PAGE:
Lobbying: What is the fuss about? | Deccan Chronicle
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Lobbying: What is the fuss about?

DC | 12th Dec 2012

After being defeated in Parliament on the question of FDI in multi-brand retail, the BJP and the Left have latched on to a mandatory filing by Walmart, the international retail giant, that the company undertook lobbying in America to help it gain entry into foreign markets, including India.

There is nothing sinister about this, and yet the Opposition parties cannot accept their pet project of blocking FDI in retail being defeated. They are looking for any reason to stop Parliament from functioning. We saw this in the Rajya Sabha on Monday and in both Houses on Tuesday.

The allegation of bribes has been made when those doing so should know better. In the circumstances, the reckless allegation can only be called political — and disingenuous. Lobbying has existed in the United States since the time of George Washington, and the first lobbyists represented farm lobbies.

There is nothing shady about the activity. It is well regulated. Lobbyists file activity and expenditure reports to the US Senate each year. Lobbyist firms are well-known entities. Indeed, several are run by former Congressmen. Anyone with a cause — and not only commercial — can engage the services of lobbyists who are valued for their access on Capitol Hill.

The embassies of India and Pakistan, besides others, also hire lobbyists to push their case in the US Congress on specific qu­e­stions (like Kashmir, civil nuclear issue, etc). Lobbyists don’t offer bribes to American legislators. That would be a serious offence. They run large establishments of lawyers, researchers, public relations people and others.

They seek to in­fl­u­ence perceptions, much like advertisers do, and their work entails sufficiently convincing those in authority to help effect policy and legislative changes. Walmart declared it spent $25 million since 2008 to lobby in the US to push for entry into the retail sector in many countries, including India. No lobbying was done in India.

Nor was the effort, for which the filing in question was made, India-specific. Then what is there to get excited about? Formal lobbying conducted within specific laws does not exist in India while bribery is routine, rampant, and all-pervasive. Much of the allegation of corruption is directed at the political class, about which most people harbour a low opinion.

It is therefore ironic to see members of this class make such a song and dance about Walmart’s perfectly ordinary declaration. Patently, the purpose of the Opposition is to scuttle the implementation of FDI in multi-brand retail. It is not a far-out thought that the Opposition may want the policy paralysis charge to stick to give the government a bad name. But India suffers in the bargain.


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Dr.C.Murukadas's picture
by Dr.C.Murukadas (not verified) on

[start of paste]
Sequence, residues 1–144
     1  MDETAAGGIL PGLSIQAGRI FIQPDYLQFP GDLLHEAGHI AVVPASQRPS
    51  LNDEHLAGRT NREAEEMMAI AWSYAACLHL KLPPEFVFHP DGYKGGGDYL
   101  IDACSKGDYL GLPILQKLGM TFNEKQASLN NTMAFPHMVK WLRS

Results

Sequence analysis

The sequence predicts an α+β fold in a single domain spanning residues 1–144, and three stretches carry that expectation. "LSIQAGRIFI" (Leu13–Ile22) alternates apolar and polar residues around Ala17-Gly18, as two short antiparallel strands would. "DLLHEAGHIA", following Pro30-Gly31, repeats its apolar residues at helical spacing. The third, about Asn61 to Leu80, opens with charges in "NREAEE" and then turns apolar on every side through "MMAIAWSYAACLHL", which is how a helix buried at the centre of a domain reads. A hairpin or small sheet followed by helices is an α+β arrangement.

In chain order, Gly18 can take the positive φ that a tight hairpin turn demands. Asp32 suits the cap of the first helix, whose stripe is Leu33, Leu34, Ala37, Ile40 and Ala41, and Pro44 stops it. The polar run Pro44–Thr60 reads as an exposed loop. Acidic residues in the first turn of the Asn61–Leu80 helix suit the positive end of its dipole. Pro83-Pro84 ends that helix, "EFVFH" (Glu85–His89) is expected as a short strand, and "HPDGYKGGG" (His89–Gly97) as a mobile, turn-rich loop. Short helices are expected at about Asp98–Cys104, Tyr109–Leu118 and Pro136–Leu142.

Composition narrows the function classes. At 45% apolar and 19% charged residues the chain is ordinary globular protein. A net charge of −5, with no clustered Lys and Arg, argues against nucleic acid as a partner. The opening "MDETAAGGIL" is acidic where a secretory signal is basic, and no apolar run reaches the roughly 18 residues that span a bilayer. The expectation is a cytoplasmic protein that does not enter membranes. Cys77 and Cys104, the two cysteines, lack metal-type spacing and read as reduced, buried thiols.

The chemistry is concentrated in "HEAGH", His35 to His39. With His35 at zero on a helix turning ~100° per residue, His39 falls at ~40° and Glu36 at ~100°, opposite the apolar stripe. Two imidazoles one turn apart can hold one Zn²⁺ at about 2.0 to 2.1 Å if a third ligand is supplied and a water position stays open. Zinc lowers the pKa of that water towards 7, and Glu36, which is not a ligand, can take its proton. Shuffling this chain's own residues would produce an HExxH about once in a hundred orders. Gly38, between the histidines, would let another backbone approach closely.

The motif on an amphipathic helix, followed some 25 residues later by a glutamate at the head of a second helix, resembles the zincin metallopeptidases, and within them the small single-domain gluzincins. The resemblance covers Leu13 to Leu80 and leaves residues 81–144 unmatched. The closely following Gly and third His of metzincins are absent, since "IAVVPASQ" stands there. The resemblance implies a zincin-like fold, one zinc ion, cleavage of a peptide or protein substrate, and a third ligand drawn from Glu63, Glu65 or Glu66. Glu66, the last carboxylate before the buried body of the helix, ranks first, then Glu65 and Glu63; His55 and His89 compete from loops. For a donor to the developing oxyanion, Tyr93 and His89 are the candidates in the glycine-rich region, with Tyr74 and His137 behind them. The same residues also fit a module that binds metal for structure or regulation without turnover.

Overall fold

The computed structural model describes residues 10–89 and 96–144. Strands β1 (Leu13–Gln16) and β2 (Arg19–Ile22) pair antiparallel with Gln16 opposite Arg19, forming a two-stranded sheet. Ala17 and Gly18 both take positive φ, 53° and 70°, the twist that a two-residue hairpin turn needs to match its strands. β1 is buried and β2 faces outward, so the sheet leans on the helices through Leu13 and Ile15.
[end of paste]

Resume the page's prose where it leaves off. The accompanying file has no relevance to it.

Lobbying means sustained efforts of interested parties like corporates, industry/trade groups and others to feed information/details amongst politicians, lawmakers and bureaucrats, with a view to influence and derive favourable governmental policy or eliminate/modify unfavourable government policy, which can result in considerable benefits for the sponsor/sponsors. Professional lobbyists are people whose business is trying to influence legislators and bureaucrats on behalf of a company or group or individual who hires them. Individuals and nonprofit organizations can also lobby as an act of volunteering or as a small part of their normal job. Lobbying by capitalists often leads to provision of false or exaggerated information or particulars or details or sequences about the sponsor or the opposite party. Lobbying is said to be an accepted practice in some countries, particularly in the US. But social activists say that from moral and ethical point of view lobbying is an erroneous and wrong practice. To them, influencing somebody, particularly people in authority, often involves unethical practices and it is definitely a shadow activity. Lobbying often involves corruption and bribery and use other of illegal means. The protagonists of lobbying say that the expenditure simply is the cost of hiring lobbyists (fees run into tens of thousands of dollars per month) and the related time and material expenses of putting together their respective cases in front of the government and law makers, and therefore cannot be construed as bribery. But through their activities the lobbyists often attempt to corrupt the minds of the authorities which often lead to wrong decisions injurious to the opponents and hardship to the public. While lobbying for a public cause is acceptable, lobbying for private gain is not a laudable practice in a civilized society. Lobbing has grown enormously over the years due primarily to the growth of crony capitalists whose sole motive is profit maximization and to gain extra normal income and wealth at the cost of the poor. It has in fact emerged as a multi-billion dollar industry and it is widely practiced in the United States and Europe. According to Center for Responsive Politics, nearly $3.3 billion was spent lobbyists to influence policies in Washington.* It means that the American government is highly susceptible to maneuvering and manipulations of the lobbyists. Even the American Presidents have not been free from the pervading influence of the lobbyists on so many occasions and numerous issues concerning US as well as rest of the world. Now the lobbyists engaged by Walmart, for instance, apart from influencing American politicians, law makers and bureaucrats, were able to persuade the American President to clamour for allowing FDI in retail trade in India. In an interview to Press Trust of India, on 15th July 2012, the US President Barack Obama stated: “In too many sectors, such as retail, India limits or prohibits the foreign investment that is necessary to create jobs in both our countries, and which is necessary for India to continue to grow.” Obama’s above statement does not seem to be a passing reference made unwittingly. Certainly, it was the result of powerful lobbying by the multinational retail giants to open up the Indian retail market. Anyway, it is deplorable for an American President to be seen advising India on a sensitive subject that has been hanging fire for many years now. Obviously, Obama’s statement aroused strong opposition from a wide spectrum of political parties, traders associations and others in India. Samajwadi Party (SP) leader Shahid Siddiqui said: "We do not need any certificate from anybody, and I will tell our Prime Minister, leaders and economists that take decisions in the interest of India without caring for how the West or how the Americans look at us. If we need FDI in retail, we should go for it. If we don't need FDI in retail, then we should not go for it. We have to see the interests of our peasantry, common people, shop-keepers, Walmart has, for obvious reasons, revealed that it has spent US$ 25 million (around Rs.125 crores) for lobbying with a view to influence the Indian government to allow FDI in multi-brand retail trade. Moreover, it is suspected that that in addition to the amount disclosed as expenditure towards lobbying, Walmart has spent huge amount as kick off payments to Indians. Of course, money spent by Walmart to get favor of concerned law makers/ authorities, to exert pressure on Indian government as legally permitted expenditure as lobbying in America. But any amount spent for the same purpose is known as bribery in India and most other countries. Walmart is clever enough to establish its retail chain business empire throughout the whole world. It will not do silly mistakes to get trapped easily. So its spokesman is right that they not done anything improper. And the protagonists of neo-liberal reforms may say that Walmart has not committed any mistake in the Indian soil. But the fact that it has spent money to influence, directly or indirectly, the Indian government to allow FDI in the retail sector continuously for four years is an unlawful act. There is no guarantee that Indians have not receieved pecuniary or other benefits. A reporter published in New York Times entitled, "Officials at Walmart de Mexico (a.k.a. Walmex), showed that Walmart had made hundreds of cash payments to government officials — including “mayors and city council members, obscure urban planners, [and] low-level bureaucrats” — totaling about $24 million, in order to obtain building permits “in virtually every corner of the country.” Wal-Mart de Mexico paid bribes on numerous occasions to obtain construction permits during a period of time when they were rushing to rapidly expand across the nation. This was not reported in dis-closer reports. As a result of these tactics, Wal-Mart has grown to become Mexico’s largest private employer, employing more than 2 lakh employees in Mexico. One in five Walmart stores is now in Mexico. These tactics of establishing business and promoting it are common for Walmart and adopts everywhere. Indian political environment is very conducive for Walmart. While the other multinationals retail giants continue to wait for fuller access, Walmart has been expanding its joint venture with Bharti, an Indian conglomerate, which provides wholesaling and logistics—including to Bharti's Easy Day chain. Walmart may be on the verge of forming another alliance, with Future Group, the Mumbai-based owner of Pantaloon Retail, though the behemoth from Bentonville refuses to confirm reports that the two firms are talking. It is reported that Walmart has been making preparations in various cities of the India to stage a grand entry into retail trade once India gives permission. The opposition parties alleged that Walmart had indulged in corruption to enter Indian market. So they have pressed for a probe into this "illegality" and the wanted Prime Minister Manmohan Singh to make a statement on this issue. So, Walmart was pretty sure that it will be possible to pressurise the Indian government to allow FDI in multi-brand retail trade. The Public Interest Litigation filed in the Madras High Court by T. Vellaiyan, President, Federation of Tamil Nadu Traders' Association, has brought to light that Walmart has fraudulently entered into multi-brand retail trading even before the government notified FDI in mutli-brand retail trade. That is, in March and April 2012 year, Wal Mart Stores Inc, USA through its subsidiary, in collusion with two Indian firms, illegally invested Rs 455.80 crore in multi -brand retail in India by masquerading it as for “Services Sector.” Moreover, in his complaint submitted to the Prime Minister's Office the CPI Rajya Sabha member M.P. Achuthan alleged that Walmart had invested about R456-crore in a company called Cedar Support Services through compulsorily convertible debentures (CCDs) in March 2010. The announcement that a retired judge would hold the inquiry into reports on lobbying by international supermarket chain Walmart to open the way for foreign equity in retail trade in India is not the end. it will be of no use. The inquiry should be conducted by a Special Investigating Team (SIT) under supervision of the Supreme Court or at least by a sitting judge of the Supreme Court. So, for judicial inquiry, terms of reference should be broad based, otherwise it will be very easy to skip off and get clean chit to this giant company. Where is the guarantee that Walmart will not indulge in high voltage lobbying to get clean chit?